E.D. Pa. Clarifies that Whistleblower Protections under Dodd-Frank and Sarbanes-Oxley Acts Only Cover Conduct Involving Publicly-Traded Companies
A trial court in the Eastern District of Pennsylvania recently ruled that the whistleblower protections of the Dodd-Frank Act and Sarbanes-Oxley Act (“SOX”) do not necessarily apply to employees of private entities, even if those entities perform work for publicly-traded companies. The court reached this conclusion in dismissing the Plaintiff’s complaint in Reyher v. Grant Thornton LLP, No. 16-CV-1757. This ruling recognizes the limits of the Supreme Court’s 2014 holding in Lawson v. FMR and provides guidance on the scope of whistleblower protections under these Acts in the Third Circuit.
In Reyher, the plaintiff, Ann Marie Reyher, was a certified public accountant who worked for less than two months for Grant Thornton LLP, a privately-held accounting firm. In her suit, Reyher alleged that she discovered accounting irregularities relating to four of Grant Thornton’s clients and reported her concerns about those irregularities to her supervisors. She further alleged that Grant Thompson terminated her employment in retaliation for raising her concerns and failed to take appropriate action to remedy the irregularities.
Reyher claimed her employer violated Section 922 of the Dodd-Frank Act, 15 U.S.C. § 78u-6. Section 922 creates a private right of action for an individual whose employment is terminated in retaliation for making disclosures protected under other federal securities laws, including SOX. The SOX anti-retaliation provision, 18 U.S.C. § 1514A, prohibits publicly-traded companies from firing employees who report potential violations of federal securities laws. Reyher argued that because her employer violated the SOX anti-retaliation provision by firing her, the Dodd-Frank Act created a right of action for her to sue Grant Thornton.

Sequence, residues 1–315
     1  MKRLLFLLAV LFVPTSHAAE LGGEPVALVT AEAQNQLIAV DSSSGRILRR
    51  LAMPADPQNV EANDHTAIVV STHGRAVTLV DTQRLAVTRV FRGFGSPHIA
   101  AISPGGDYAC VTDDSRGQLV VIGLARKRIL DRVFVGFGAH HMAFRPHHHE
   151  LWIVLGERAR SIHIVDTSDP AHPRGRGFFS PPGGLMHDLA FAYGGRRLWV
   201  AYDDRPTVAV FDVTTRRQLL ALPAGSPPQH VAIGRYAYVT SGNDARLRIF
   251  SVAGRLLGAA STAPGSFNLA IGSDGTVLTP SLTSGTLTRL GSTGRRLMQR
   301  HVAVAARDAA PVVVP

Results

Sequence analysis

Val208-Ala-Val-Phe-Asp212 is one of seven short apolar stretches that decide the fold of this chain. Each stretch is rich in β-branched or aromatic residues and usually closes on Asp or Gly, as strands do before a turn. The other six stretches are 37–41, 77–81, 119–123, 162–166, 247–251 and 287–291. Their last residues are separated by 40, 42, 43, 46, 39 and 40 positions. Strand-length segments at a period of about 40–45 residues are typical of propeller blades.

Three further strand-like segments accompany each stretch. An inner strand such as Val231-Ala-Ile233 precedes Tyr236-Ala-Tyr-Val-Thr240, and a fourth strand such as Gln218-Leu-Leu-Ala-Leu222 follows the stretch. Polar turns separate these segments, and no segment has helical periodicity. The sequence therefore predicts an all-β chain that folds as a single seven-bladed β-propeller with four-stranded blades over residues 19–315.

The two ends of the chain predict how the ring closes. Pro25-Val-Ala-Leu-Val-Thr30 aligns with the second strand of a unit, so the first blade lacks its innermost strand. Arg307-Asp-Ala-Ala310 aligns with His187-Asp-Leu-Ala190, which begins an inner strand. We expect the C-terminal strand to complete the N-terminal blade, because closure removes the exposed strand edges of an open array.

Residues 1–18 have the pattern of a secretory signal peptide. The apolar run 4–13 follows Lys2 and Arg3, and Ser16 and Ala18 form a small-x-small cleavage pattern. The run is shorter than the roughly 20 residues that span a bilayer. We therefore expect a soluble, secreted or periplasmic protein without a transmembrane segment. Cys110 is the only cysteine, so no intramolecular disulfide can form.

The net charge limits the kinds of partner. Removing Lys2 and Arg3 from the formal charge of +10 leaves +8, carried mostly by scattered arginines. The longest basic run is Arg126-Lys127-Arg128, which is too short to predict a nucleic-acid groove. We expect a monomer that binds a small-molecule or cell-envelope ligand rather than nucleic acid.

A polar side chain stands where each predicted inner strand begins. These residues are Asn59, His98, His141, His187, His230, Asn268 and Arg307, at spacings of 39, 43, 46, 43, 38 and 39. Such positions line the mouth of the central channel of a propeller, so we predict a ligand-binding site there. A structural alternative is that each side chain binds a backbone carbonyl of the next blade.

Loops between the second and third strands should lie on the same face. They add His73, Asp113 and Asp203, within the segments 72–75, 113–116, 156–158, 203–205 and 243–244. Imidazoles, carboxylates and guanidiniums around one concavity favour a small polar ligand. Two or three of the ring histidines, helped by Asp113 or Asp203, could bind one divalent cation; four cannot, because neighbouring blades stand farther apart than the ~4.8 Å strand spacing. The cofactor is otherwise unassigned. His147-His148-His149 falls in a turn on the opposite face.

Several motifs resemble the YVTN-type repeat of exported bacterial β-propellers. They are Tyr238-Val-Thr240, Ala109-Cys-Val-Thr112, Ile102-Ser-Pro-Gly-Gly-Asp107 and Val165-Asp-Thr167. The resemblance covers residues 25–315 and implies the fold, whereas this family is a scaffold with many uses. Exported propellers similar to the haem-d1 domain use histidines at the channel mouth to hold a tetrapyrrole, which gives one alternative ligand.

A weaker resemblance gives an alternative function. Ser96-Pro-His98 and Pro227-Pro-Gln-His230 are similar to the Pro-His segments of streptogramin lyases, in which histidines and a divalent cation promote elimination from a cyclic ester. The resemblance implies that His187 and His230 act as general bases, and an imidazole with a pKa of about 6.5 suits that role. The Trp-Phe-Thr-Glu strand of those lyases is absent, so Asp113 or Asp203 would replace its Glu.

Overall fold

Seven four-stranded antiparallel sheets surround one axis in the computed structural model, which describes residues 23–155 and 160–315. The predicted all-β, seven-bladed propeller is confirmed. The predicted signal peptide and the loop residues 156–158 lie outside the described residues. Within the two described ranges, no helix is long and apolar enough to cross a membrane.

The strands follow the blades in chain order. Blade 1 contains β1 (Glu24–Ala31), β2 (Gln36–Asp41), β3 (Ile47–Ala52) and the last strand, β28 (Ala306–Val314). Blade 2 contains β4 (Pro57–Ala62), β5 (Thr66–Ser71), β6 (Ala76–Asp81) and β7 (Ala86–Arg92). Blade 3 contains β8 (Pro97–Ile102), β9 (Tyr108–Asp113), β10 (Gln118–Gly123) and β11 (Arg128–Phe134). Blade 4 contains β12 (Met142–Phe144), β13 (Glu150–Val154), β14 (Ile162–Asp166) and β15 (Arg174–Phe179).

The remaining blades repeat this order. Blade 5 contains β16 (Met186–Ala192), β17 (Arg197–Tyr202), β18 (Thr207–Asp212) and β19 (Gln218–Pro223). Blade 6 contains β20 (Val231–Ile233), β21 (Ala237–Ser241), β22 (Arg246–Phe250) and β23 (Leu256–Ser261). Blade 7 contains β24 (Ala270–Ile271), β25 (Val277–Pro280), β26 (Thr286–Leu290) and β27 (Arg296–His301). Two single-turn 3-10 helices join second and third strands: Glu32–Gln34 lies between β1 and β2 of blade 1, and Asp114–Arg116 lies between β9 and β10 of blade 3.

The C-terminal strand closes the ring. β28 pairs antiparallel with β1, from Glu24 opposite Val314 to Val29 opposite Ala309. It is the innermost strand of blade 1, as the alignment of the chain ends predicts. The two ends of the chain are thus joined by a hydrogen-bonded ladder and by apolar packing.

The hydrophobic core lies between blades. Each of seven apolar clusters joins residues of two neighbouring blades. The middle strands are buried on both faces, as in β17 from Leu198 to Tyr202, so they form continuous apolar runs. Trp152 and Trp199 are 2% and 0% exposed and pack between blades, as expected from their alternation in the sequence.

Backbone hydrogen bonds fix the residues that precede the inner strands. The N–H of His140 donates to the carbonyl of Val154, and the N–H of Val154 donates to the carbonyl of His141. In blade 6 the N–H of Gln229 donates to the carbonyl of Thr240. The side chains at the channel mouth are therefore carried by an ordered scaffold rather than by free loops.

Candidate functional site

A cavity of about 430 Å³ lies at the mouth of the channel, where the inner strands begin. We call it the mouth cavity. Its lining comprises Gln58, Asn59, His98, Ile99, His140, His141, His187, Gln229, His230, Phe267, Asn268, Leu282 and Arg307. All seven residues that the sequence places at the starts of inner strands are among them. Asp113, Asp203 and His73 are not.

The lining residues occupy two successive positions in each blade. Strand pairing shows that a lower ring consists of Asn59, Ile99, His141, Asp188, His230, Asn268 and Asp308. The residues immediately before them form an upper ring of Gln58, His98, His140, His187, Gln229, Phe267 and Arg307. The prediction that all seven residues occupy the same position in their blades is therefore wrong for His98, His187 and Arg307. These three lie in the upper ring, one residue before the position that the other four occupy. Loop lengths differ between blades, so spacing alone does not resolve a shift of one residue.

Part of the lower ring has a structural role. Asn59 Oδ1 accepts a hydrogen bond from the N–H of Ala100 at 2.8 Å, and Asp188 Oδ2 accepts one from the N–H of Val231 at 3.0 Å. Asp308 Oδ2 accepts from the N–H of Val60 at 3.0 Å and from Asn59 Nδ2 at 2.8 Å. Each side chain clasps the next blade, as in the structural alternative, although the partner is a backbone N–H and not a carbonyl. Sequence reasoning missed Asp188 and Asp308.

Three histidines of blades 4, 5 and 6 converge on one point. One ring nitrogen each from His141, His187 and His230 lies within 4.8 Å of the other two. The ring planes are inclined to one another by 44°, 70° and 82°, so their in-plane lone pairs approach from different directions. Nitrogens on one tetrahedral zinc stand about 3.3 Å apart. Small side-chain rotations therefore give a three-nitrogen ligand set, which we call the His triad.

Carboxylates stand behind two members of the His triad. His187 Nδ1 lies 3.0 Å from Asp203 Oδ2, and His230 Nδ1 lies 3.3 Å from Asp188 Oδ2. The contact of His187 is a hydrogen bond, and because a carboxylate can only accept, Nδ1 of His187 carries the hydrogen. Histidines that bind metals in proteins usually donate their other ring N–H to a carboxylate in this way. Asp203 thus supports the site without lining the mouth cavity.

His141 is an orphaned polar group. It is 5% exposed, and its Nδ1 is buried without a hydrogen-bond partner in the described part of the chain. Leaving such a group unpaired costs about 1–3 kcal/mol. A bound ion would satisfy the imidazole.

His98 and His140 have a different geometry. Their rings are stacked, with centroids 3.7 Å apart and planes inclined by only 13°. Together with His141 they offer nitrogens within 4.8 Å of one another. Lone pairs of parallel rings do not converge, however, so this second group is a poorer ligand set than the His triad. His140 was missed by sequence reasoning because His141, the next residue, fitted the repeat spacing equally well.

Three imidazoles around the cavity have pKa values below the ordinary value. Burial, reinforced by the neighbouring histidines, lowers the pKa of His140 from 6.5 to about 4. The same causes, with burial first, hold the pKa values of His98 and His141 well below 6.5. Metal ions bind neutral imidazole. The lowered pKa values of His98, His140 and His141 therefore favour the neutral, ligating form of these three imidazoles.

Of course, the SOX anti-retaliation provisions only protect employees of publicly-traded companies, and Grant Thornton is not a publicly-traded company. To invoke the SOX whistleblower protections, Reyher relied on Lawson v. FMR LLC, 134 S.Ct. 1158 (2014), where the Supreme Court extended SOX whistleblower protections to employees of privately-held outside contractors that perform work for publicly-traded companies. Reyher argued that because Grant Thornton provided accounting services to some publicly-traded companies, SOX whistleblower protections applied to her under Lawson.
Notably, though, Reyher did not allege that the accounting violations she reported involved publicly-traded companies. As the Reyher court noted, that stood in contrast to the outside contractors in Lawson, who provided all day-to-day operational services for the publicly-traded mutual funds at issue. The Reyher court determined that “the Lawson majority clearly contemplated that [the SOX anti-retaliation provision] would not extend to an individual such as Reyher, who engaged in whistleblowing unrelated to her employer’s work as a contractor to public companies.” The court also pointed out that another court in the Eastern District of Pennsylvania, in Gibney v. Evolution Marketing Research, 25 F. Supp. 3d 741 (E.D. Pa. 2014), similarly interpreted the limited scope of the Lawson decision.
Based on these factors, the court dismissed Reyher’s complaint, ruling that the SOX whistleblower provisions did not apply to her. This ruling establishes a boundary for the whistleblower protections available under SOX and Dodd-Frank to employees of private companies: the statutes provide a cause of action for employees of privately-held companies, but only if the whistleblowing at issue involves the privately-held company’s work for a publicly-traded company.
The ruling reflects a growing consensus in the Eastern District of Pennsylvania about the scope of protections for employees who report irregularities under Dodd-Frank and SOX. Privately-held companies that perform work for publicly-traded companies should be aware that they may be subject to the SOX and Dodd-Frank whistleblowing provisions. After Reyher, privately-held companies now have a better understanding of when these whistleblower protections apply to their employees and are better positioned to defend against such claims.